where \({p}_{ {\mathcal F} }\) is a Gibbs distribution defined using \( {\mathcal F} \) as in Eq. (3). In other words, we can learn the energy function \( {\mathcal F} \) by maximizing the log-likelihood of the data D. In principle, the term “energy” has a very specific meaning in each context (e.g., potential energy, statistical free energy and etc). In our case, “energy” refers to an objective function that reflects the likelihood of a conformation given a molecular graph.

Conditional variational graph autoencoders

We use a conditional version of a variational autoencoder10 to model the distribution \({p}_{ {\mathcal F} }\) in Eq. (4) (a). This choice enables an underlying model to capture the complicated, multi-modal nature of this distribution, while allowing us to efficiently sample from this distribution. This is done by introducing a set of latent variables Z = {z1, …, zM}, where \({z}_{m}\in {{\mathbb{R}}}^{{d}_{z}}\) and rewriting the conditional log-probability \(\log \,{p}_{ {\mathcal F} }(X|G)\) as

$$\log \,p(X|G)=\,\log \,\int p(X|Z,G)p(Z|G){\rm{d}}Z,$$

where we omit the subscript \( {\mathcal F} \) for brevity.

The marginal log-probability in Eq. (5) is generally intractable to compute, and we instead maximize the stochastic approximation to its lower bound, as is standard practice in problems involving variational inference:

$$\log \,p(X|G)\ge {{\mathbb{E}}}_{Z \sim Q(Z|G,X)}[\log \,\mathop{\underbrace{p(X|Z,G)}}\limits_{({\rm{b}})\,{\rm{likelihood}}}]-{\rm{KL}}(\mathop{\underbrace{Q(Z|G,X)}}\limits_{({\rm{c}})\,{\rm{posterior}}}\parallel \mathop{\underbrace{P(Z|G)}}\limits_{({\rm{a}})\,{\rm{prior}}})$$
$$\approx \frac{1}{K}\mathop{\sum }\limits_{k=1}^{K}\,\log \,p(X|{Z}^{k},G)-{\rm{KL}}(Q(Z|G,X)\parallel P(Z|G)),$$

where Zk is the k-th sample from the (approximate) posterior distribution Q above. We assume that we can compute the KL divergence analytically, for instance by constructing Q and P to be normal distributions.

Modeling the graph using a message passing neural network

We use a message passing neural network (MPNN)11, a variant of a graph neural network12,13, which operates on a graph G directly and is invariant to graph isomorphism. The MPNN consists of L layers. At each layer l, we update the hidden vector \(h({v}_{i})\in {{\mathbb{R}}}^{{d}_{h}}\) of each node and hidden matrix \(h({e}_{ij})\in {{\mathbb{R}}}^{{d}_{h}\times {d}_{h}}\) of each edge using the equation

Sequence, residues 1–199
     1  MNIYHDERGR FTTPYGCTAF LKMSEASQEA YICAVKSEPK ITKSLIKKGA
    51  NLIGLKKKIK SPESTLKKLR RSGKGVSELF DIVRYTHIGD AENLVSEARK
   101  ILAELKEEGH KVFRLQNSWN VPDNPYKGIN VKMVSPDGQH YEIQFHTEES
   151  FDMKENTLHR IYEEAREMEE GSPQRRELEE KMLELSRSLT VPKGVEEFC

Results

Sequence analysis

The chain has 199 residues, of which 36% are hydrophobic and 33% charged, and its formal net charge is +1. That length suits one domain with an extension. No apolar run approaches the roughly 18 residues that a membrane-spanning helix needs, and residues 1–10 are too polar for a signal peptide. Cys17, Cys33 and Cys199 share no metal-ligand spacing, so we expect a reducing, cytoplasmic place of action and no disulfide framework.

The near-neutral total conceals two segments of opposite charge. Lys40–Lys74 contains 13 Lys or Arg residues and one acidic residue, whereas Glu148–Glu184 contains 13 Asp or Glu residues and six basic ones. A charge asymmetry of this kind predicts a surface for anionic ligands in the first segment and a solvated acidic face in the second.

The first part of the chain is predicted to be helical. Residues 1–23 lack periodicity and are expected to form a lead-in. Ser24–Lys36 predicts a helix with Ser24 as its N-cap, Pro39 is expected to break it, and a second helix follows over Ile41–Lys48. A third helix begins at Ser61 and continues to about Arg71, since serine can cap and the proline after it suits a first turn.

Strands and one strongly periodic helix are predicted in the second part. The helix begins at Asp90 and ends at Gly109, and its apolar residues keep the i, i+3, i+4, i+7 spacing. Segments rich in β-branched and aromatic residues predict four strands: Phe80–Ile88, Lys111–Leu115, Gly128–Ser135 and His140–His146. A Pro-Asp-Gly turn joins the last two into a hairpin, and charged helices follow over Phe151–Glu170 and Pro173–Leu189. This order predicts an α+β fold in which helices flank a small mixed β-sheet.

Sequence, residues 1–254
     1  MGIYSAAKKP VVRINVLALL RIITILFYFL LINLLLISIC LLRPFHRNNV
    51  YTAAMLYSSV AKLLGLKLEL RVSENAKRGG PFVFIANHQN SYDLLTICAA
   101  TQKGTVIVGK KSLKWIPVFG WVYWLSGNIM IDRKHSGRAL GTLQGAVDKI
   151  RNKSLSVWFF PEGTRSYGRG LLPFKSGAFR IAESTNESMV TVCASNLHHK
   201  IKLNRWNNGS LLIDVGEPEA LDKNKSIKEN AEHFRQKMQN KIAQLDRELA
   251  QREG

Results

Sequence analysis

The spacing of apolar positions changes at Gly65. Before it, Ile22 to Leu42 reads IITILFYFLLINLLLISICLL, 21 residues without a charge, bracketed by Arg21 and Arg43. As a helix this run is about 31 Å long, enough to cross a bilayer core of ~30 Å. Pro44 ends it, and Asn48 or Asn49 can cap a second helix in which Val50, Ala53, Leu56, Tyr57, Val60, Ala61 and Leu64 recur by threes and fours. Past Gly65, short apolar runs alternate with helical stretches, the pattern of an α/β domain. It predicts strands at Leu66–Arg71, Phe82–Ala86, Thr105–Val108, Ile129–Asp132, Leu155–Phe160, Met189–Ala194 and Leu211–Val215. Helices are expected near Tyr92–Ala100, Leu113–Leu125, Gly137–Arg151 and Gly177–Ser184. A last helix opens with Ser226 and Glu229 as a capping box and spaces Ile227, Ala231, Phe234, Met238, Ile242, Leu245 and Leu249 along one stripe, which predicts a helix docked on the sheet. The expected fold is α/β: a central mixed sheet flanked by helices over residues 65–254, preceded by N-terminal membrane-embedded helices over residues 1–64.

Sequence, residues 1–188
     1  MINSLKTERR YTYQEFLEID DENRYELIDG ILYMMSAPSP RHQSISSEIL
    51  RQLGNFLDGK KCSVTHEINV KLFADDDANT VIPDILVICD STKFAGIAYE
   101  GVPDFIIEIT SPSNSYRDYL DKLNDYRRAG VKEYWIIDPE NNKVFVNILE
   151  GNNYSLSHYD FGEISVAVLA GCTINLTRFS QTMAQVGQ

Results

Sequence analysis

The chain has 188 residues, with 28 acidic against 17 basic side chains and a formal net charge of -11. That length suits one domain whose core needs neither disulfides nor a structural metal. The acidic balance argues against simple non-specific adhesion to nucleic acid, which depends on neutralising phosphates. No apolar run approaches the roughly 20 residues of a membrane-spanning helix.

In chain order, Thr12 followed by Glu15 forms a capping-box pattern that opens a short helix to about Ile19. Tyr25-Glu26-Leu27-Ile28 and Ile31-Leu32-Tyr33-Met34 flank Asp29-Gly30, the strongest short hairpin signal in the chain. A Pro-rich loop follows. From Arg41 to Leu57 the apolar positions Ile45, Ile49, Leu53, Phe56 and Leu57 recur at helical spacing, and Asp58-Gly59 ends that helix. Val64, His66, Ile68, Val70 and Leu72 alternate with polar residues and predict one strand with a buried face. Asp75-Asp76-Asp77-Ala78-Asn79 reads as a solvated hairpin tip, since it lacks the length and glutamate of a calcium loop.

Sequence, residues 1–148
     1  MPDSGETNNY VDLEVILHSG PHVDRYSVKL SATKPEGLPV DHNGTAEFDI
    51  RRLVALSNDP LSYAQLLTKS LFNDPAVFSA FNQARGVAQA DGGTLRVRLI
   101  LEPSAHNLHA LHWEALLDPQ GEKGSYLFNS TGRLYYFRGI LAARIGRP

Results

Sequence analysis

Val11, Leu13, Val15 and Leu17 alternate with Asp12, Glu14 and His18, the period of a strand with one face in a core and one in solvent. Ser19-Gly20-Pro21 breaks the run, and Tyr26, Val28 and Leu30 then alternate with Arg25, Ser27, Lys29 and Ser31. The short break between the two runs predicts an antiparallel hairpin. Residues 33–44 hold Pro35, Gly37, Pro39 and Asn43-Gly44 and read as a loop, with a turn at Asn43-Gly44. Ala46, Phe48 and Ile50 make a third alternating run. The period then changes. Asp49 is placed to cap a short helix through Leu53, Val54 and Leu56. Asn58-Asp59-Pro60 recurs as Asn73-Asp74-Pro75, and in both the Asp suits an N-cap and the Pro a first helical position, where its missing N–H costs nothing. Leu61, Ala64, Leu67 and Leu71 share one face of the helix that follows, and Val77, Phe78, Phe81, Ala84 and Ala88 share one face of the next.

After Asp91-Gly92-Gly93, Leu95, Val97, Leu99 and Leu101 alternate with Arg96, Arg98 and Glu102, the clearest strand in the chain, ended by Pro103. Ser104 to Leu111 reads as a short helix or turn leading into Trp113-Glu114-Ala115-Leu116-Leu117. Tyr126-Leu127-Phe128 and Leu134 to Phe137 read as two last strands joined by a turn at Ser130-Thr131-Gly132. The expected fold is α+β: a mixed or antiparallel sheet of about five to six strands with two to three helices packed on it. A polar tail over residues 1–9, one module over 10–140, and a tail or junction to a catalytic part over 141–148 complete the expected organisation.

$${h}^{l}({v}_{i})={\rm{GRU}}({h}^{l-1}({v}_{i}),J({h}^{l-1}({v}_{i}),{h}^{l-1}({v}_{j\ne i}),h({e}_{i,j\ne i})),$$

where J is a linear one layer neural network that aggregates the information from neighboring nodes according to its hidden vectors of respective nodes and edges. GRU is a gated recurrent network that combines the new aggregate information and its corresponding hidden vector from previous layer14. The weights of the message passing function J and GRU are shared across the L layers of the MPNN.

Prior parameterization

We use the MPNN described above to model the prior distribution P(Z|G) in Eq. (6) (a). We initialize h0(vi) and h(eij) in Eq. (8) as linear transformations of the feature vectors vi and eij of the nodes and edges respectively:


where Unodeprior and Uedgeprior are matrices representing the linear transformations for the nodes and edges respectively. The final hidden vector hL(vi) of each node is passed through a two layer neural network with hidden size df, whose output \({\tilde{h}}^{L}({v}_{i})\) is transformed into the mean and variance vectors of a Normal distribution with a diagonal covariance matrix:

$${\mu }_{i}={W}_{\mu }^{{\rm{prior}}}{\tilde{h}}^{L}({v}_{i})+{b}_{\mu }^{{\rm{prior}}};$$
$${\sigma }_{i}^{2}=\exp \{{W}_{\sigma }^{{\rm{prior}}}{\tilde{h}}^{L}({v}_{i})+{b}_{\sigma }^{{\rm{prior}}}\},$$

where Wμprior and Wσprior are the weight matrices and bμprior and bσprior are the bias terms of the transformations. These are used to form the prior distribution: